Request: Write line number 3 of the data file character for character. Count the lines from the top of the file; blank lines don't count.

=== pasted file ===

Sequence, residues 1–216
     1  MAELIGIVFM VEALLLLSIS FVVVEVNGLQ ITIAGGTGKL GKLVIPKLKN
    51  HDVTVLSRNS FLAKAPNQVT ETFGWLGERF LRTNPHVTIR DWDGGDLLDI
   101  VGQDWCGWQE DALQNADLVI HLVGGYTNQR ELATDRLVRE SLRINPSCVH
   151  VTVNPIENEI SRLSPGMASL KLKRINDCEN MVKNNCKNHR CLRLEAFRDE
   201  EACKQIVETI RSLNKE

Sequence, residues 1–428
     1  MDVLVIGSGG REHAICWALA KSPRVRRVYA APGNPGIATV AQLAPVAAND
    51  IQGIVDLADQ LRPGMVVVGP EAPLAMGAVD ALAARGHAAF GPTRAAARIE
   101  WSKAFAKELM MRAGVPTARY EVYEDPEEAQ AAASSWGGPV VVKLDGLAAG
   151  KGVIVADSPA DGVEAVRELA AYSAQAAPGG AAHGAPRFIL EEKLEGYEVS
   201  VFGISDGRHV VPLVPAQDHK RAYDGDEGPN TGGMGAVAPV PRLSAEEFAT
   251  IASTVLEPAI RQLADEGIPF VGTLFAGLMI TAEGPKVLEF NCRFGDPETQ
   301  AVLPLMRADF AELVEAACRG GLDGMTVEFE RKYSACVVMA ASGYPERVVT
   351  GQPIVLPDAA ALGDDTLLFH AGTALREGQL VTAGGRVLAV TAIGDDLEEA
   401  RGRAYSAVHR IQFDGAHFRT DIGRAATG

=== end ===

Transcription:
    51  HDVTVLSRNS FLAKAPNQVT ETFGWLGERF LRTNPHVTIR DWDGGDLLDI